Notice to Drivers
From: Archangel Ezekiel,
Department of Natural Laws
It has come to my attention that, once again, there are an inordinate number of automobile collisions in West Virginia this weekend. The police and the local newspaper ascribe this spike in accidents to “icy roads.” If this winter is like the past 90 or so in which automobiles have been used prominently in this area, I expect that equally “icy roads” will yield fewer collisions as the season progresses. This is particularly good news to Sts. Christopher (Patron of Travelers), Florian (Firemen) and Michael (Paramedics).
There is, however, no reason to await the diminishment of collisions. I have carefully checked the settings on the Natural Laws, and I assure one and all that the relevant principal factor (coefficient of friction between ice and rubber tires) remains the same as it always has been. There are minor differences given what humans do with tire compounds, tire tread design, inflation and so forth, but the physics is the same. The only explanation I have is that you humans have to relearn driving on icy roads every year. This is illogical. Please try to remember from February to November how to drive, and that will make all our lives easier.
Prior Preparation Prevents Poor Performance
A couple of weeks ago, my old friend Rev. D. D. Meighen preached at our church. I met him 45 years ago, at The Methodist Temple in Fairmont (now defunct), and he is a fine fellow. His sermon was about Thanksgiving, and he gave a fairly traditional interpretation of the Puritans surviving their very hard first winter. He properly extolled the bravery of the 7 (of 50 survivors) healthy enough to work hard, keep fires burning, food butchered, and so forth, and talked about the joy that they had to have felt for having SOMETHING to give thanks about the next autumn. He didn’t go overboard, either, with the trendy self-flagellation over “our” mistreatment of the Indians. (Aside: I will not apologize. I haven’t mistreated Indians. Nor held slaves. Nor persecuted Jews. Hell, my taxes buy Israel endless F-16's and Indian Nations host gambling tax-free.) However, in mentioning the bravery of the Puritans, we seldom acknowledge that their strategic thinking was pretty lame. The general weather patterns of the North American coastline were known, even in 1620. The Pilgrims left England in AUGUST heading for NEW ENGLAND. Had they gone by 747, they still couldn’t have built shelter and stored food for a New England winter. So, they planned to be ashore with limited supplies and no shelters in place (other than the ship and what they could quickly throw up). Admire bravery. But consider poor judgment, always. Was God going to provide? Of course. He did. He provided these people BRAINS. It's not His fault they failed to use them.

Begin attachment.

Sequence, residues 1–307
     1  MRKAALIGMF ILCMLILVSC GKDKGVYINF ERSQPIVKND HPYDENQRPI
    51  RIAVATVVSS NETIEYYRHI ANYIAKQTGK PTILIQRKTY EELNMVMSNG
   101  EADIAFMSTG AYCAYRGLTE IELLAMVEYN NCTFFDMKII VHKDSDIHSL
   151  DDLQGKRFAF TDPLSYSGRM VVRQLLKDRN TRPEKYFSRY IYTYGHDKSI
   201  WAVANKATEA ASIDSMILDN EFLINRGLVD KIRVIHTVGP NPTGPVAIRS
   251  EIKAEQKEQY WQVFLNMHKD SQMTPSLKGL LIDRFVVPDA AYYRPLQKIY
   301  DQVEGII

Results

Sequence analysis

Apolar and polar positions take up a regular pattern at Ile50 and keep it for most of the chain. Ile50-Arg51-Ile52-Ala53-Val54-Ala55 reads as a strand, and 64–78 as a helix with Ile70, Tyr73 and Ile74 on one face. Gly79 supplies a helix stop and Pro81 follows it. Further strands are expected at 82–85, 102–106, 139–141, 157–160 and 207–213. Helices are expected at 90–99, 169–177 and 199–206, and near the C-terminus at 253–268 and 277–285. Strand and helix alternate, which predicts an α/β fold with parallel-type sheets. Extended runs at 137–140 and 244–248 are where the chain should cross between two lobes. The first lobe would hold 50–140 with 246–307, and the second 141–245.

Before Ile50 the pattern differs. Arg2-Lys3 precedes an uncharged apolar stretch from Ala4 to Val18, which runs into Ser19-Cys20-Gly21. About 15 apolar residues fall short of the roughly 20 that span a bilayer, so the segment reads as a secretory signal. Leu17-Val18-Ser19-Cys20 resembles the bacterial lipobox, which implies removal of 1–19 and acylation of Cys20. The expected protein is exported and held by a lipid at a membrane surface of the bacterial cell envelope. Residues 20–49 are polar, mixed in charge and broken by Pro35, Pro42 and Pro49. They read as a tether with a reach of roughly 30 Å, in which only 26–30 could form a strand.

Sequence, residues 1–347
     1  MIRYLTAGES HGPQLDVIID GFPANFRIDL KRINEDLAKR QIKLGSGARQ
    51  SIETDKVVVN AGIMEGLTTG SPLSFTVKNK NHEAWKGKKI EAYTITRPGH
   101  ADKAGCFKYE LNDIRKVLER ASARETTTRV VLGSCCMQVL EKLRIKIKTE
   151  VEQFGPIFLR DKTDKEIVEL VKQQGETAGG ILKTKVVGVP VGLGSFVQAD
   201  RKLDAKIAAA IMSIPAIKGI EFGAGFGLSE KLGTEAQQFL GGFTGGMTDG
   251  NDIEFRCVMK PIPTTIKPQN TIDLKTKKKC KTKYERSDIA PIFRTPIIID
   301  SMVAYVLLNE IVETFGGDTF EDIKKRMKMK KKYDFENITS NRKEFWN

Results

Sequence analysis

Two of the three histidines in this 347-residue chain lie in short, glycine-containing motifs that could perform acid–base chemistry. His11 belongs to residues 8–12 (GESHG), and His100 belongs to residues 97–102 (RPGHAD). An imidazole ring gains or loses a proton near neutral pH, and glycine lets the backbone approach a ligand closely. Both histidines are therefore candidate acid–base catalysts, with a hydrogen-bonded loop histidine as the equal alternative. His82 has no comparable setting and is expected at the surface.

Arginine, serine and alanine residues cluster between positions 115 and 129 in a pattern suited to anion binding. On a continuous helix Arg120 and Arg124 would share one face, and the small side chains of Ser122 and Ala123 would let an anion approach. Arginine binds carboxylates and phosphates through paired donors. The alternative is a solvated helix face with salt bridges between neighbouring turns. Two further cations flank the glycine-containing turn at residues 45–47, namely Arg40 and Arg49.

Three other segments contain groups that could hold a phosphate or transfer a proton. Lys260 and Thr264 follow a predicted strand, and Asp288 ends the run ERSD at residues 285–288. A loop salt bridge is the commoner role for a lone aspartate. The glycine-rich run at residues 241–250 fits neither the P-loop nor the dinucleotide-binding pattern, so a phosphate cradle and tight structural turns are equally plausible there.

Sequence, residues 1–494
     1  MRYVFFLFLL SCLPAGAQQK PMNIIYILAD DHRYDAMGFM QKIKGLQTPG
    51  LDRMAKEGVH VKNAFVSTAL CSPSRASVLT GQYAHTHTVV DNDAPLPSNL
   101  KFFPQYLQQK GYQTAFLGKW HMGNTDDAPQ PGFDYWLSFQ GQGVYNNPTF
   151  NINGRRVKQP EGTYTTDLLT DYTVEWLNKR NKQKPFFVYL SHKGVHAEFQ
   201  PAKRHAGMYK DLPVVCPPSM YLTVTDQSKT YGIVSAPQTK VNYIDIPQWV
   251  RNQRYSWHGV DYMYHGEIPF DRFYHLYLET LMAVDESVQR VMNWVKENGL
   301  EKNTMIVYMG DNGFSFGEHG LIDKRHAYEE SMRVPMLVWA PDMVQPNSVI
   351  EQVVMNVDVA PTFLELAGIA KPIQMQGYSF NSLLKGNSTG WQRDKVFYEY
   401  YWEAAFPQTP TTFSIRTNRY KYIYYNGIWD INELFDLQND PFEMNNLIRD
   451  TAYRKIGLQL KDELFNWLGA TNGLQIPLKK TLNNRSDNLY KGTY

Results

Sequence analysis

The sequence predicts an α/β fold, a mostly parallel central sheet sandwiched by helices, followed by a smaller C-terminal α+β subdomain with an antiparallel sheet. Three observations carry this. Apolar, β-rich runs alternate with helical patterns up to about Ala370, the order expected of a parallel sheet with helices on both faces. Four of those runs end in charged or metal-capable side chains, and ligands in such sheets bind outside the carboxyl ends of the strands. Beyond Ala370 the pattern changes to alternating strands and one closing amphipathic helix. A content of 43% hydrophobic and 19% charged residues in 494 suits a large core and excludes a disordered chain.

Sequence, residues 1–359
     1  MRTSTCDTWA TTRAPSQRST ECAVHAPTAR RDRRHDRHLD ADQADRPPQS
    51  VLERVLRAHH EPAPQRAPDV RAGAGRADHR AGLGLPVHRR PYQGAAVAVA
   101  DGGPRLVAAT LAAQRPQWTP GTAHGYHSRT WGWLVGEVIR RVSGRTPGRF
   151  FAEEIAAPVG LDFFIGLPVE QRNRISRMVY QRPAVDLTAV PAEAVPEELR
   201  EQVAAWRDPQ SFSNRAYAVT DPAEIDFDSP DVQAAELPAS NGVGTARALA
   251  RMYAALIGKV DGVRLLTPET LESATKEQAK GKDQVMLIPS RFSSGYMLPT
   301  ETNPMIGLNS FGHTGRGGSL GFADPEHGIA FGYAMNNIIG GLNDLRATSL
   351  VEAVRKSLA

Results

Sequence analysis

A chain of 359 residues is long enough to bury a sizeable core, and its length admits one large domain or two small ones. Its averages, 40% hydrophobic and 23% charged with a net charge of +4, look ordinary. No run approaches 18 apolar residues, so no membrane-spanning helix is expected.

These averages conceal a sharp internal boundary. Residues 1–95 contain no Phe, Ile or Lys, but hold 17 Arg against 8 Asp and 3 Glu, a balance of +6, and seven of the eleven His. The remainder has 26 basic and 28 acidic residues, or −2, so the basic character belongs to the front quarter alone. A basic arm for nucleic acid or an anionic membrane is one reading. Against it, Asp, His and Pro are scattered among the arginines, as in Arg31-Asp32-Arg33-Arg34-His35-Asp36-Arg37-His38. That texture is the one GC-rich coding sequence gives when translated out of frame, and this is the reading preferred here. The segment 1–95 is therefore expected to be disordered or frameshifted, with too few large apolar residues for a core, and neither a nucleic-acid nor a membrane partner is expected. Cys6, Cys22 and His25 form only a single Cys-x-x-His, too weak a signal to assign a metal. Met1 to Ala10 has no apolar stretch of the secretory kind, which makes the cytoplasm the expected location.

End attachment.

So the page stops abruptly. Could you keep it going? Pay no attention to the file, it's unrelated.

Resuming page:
There was a short article recently in the Washington Post about preserving battlefields, this one about preserving the site of Third Winchester from the ravages of development. Mind you, I’m all for preserving stuff from development.
Asphalt ribbons, sewers, the same houses, no trees, and general fugly-ness is turning our natural world into rice pudding. But to preserve something because it was a battlefield? Battles in the Civil War lasted a day or a week at most. Then the armies moved on. Often, there were many deaths. There were brave deeds. And when the armies left and the dead were buried, the earth remained and the woods and fields healed themselves. What is the glory of preserving these places of death?
There are lots of places that I associate with historical and sometimes unpleasant events. When I go to Charleston, I sometimes stay at the Charleston House, which is located at the confluence of the Elk and the Great Kanawha Rivers. This is the campsite of Simon Kenton over one winter in the 1700's. He was one of the famous frontiersmen who settled this part of the country. I’d love to see a little park there, perhaps a recreation of the winter campsite. But no, there’s a hotel sitting on it. OK, there have been significant battles at the confluence of the Monongahela and the Allegheney, when they form the Ohio. For a time, that was the site of Fort Pitt, which became the basis of modern day Pittsburgh. Great place to preserve forever, huh? Damn, they put Three Rivers Stadium right there, then demolished it to make a parking lot for the new football stadium and baseball stadium. How about the site of the very first land battle of the Civil War, Philippi, West Virginia? There was an original covered bridge there that figured in the battle. On part of the battle site is a Sheetz store, which is a 24-hour gasoline, coffee, snacks & bathroom place. A few years ago, someone delivering gasoline had a problem with a hose, but didn’t notice. The store is slightly upgrade from the bridge. Fluids flow downhill. Somehow, there was an ignition source. No more bridge. At GREAT cost, the State had the bridge rebuilt as near to original as possible. To me, that’s silly. It’s still a small bridge, and another bridge is still 100 yards away to carry other than automobiles. Put a park there, a monument or something and call it a day.
Frequently, I drive past the site of the largest mine disaster in American history. Very little is there. Last Friday, I drove right past the site of Lewis Wetzel’s famous leap to escape the Shawnee war party. (Basically, he jumped off a cliff rather than be captured, and fell through trees which broke his fall, and he landed uninjured enough to keep running.) There’s a road there, and low class commercial stuff (tire shops, etc.) at the bottom of the hill. A few months ago, I was reading an article by a local historian about the site of a famous local frontiersman’s last stand. It’s now an industrial park.
We should preserve nature because it is worth it. Important things have happened almost everywhere, and trashing a site because we can’t discover what happened there is piss poor reasoning.